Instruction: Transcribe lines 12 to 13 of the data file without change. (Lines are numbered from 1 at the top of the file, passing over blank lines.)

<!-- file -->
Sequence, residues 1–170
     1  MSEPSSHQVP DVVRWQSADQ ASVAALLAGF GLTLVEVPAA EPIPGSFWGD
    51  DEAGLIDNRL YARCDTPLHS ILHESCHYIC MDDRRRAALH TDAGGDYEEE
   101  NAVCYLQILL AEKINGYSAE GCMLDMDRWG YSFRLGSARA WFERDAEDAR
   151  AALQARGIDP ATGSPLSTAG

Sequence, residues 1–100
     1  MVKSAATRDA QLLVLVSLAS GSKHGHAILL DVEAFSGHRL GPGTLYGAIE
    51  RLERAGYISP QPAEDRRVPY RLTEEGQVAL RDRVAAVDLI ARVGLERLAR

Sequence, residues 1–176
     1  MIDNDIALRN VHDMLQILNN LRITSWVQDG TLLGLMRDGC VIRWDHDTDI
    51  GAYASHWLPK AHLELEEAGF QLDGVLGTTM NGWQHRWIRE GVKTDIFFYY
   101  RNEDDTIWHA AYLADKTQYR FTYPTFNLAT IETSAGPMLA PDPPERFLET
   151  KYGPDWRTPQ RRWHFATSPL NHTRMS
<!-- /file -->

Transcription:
   101  RNEDDTIWHA AYLADKTQYR FTYPTFNLAT IETSAGPMLA PDPPERFLET
   151  KYGPDWRTPQ RRWHFATSPL NHTRMS